Nuveen Preferred & Income Term’s investment mix–67% in BBB (the lowest level of investment-grade) and 26% in BB (the highest level of junk)–allows it to offer ample yield without stretching for truly low-quality preferreds. That yield also is helped by high debt leverage of about 31%.
The result? JPI can be a lot jumpier than preferred index funds, but the long-term performance speaks for itself.
JPI could be cheaper: Its discount is actually less robust than its five-year average, which sits around 3%. But the biggest hang-up for new money is its limited timespan.
The “Term” in the fund name refers to the fact that on or before Aug. 31, 2024, JPI can terminate the fund. That’s not as ominous as it sounds—shareholders would receive cash equal to the fund’s NAV at the time. But some funds tend to deleverage close to the termination date, which weighs on returns, and if you’re looking for retirement income, you might not want to hold a fund that you’ll have to change out in four years.
John Hancock Preferred Income Fund II (HPF)
Distribution Rate: 8.2%
John Hancock has cornered the market for high-yield preferreds. In fact, data provider CEF Connect says the four highest-yielding preferred CEFs currently are John Hancock products.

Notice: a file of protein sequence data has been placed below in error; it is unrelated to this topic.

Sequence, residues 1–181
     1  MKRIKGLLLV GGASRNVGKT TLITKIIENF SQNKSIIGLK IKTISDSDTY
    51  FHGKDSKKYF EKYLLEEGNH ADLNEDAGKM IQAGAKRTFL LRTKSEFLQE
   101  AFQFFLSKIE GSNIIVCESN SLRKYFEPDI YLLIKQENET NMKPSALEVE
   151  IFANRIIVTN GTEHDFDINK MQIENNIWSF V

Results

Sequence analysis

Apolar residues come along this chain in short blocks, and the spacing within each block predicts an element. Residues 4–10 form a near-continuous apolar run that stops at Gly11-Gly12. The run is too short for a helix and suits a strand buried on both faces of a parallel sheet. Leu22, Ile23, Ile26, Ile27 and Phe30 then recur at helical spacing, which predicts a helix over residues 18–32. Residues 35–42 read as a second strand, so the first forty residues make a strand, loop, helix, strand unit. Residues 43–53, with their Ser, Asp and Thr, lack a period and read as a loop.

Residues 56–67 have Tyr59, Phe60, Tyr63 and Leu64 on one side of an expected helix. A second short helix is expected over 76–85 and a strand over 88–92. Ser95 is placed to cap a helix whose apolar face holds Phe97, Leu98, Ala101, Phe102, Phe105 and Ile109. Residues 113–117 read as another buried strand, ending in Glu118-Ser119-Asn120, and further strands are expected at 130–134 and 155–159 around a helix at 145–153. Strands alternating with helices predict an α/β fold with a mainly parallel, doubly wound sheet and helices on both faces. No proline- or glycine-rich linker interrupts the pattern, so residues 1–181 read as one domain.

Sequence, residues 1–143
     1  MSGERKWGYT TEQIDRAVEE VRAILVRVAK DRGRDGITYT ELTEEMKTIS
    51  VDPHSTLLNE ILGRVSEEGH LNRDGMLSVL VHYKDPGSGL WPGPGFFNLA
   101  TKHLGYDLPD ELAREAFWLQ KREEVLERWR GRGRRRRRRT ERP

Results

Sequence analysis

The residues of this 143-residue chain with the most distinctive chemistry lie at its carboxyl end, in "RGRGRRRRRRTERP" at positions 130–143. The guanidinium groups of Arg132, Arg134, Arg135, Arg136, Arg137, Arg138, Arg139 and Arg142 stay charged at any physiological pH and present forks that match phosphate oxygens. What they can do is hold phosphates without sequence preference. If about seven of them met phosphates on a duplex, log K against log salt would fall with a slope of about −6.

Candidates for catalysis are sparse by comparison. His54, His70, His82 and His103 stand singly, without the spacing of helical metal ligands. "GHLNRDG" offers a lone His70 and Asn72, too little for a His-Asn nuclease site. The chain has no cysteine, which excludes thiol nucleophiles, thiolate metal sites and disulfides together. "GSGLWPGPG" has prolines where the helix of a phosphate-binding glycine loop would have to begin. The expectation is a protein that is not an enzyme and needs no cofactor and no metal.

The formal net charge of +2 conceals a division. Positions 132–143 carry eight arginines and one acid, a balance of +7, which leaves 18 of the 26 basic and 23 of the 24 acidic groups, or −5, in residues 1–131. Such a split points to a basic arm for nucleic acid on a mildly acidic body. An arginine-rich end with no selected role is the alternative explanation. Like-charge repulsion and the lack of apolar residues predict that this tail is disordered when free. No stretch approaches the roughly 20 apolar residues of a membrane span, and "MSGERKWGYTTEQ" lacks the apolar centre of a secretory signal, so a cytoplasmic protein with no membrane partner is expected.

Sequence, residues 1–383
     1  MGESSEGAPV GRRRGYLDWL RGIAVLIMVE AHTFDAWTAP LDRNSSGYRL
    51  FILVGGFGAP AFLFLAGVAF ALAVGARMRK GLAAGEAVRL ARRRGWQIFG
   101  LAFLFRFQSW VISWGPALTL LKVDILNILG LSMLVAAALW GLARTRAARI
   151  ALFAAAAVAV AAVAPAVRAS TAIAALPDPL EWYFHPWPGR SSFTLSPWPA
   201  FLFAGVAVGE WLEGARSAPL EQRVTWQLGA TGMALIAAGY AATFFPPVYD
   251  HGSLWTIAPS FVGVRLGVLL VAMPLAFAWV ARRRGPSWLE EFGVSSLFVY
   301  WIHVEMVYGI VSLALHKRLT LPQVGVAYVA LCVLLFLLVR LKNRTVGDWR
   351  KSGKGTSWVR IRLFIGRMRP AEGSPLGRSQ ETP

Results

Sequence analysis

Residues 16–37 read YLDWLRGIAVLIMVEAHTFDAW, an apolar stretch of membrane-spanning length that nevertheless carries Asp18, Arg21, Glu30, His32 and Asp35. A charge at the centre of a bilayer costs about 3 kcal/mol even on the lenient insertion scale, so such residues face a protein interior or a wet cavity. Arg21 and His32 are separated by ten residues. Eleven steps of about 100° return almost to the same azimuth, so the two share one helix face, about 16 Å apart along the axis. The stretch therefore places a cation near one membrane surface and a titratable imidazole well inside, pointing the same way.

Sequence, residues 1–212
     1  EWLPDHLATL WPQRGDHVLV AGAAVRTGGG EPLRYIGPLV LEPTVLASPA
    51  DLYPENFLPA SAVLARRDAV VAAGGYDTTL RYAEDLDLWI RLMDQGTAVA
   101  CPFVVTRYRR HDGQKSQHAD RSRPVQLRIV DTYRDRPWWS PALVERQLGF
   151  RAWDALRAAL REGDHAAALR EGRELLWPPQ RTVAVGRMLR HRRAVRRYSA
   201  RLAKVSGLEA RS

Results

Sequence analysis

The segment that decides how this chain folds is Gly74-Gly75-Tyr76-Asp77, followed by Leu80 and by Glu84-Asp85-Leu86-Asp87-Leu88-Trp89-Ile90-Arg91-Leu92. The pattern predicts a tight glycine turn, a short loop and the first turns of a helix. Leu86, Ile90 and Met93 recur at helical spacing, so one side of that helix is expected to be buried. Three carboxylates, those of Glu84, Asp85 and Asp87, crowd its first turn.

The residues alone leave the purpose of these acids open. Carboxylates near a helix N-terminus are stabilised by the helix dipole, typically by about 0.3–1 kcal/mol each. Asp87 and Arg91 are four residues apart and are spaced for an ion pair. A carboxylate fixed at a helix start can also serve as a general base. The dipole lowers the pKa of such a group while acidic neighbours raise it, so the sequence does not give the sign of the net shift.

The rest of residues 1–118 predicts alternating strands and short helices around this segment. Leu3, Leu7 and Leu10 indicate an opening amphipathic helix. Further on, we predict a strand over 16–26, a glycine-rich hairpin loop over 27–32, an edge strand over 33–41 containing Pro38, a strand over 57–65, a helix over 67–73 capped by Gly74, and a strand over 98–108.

No. 2 is John Hancock Preferred Income Fund II (HPF) at a massive 8.2% yield.
Like JPI, HPF’s 115-portfolio is mostly built on preferred stocks on the fringes of investment-grade. However, John Hancock’s fund leans more heavily on BB debt (43%) and less on BBB (46%) than Nuveen’s. It’s also far more domestic in nature; 95% of its holdings are from U.S. firms such as CenterPoint Energy CNP (CNP) and Morgan Stanley MS (MS).
While HPF’s returns since inception are commendable, thanks again to high leverage of about 38%, management has really struggled with this downturn.
CEFs usually will be a bumpier ride than index funds. But this wide performance gap in such a short time is concerning.
Cohen & Steers Limited Duration Preferred and Income Fund (LDP)
Distribution Rate: 7.2%
Cohen & Steers has made its name on its excellence in real estate investing management, but it has a noteworthy preferred-stock product on its hands in the Cohen & Steers Limited Duration Preferred and Income Fund (LDP).
LDP’s 7%-plus yield is pretty standard for a preferred closed-end fund, but there’s more here than meets the eye. That’s because this is a “limited duration” fund—the CEF’s average duration is typically just six years or less.
Just like you’d buy short-term bonds to avoid interest-rate risk, Cohen & Steers Limited Duration Preferred and Income Fund is a way to buy preferred stocks while fending off the Fed.
That’s not exactly a strength given that Jerome Powell has sent interest rates to near-zero and likely won’t change that anytime soon. But that makes its outperformance in recent years all the more impressive.
Brett Owens is chief investment strategist for Contrarian Outlook. For more great income ideas, get your free copy his latest special report: Your Early Retirement Portfolio: 7% Dividends Every Month Forever.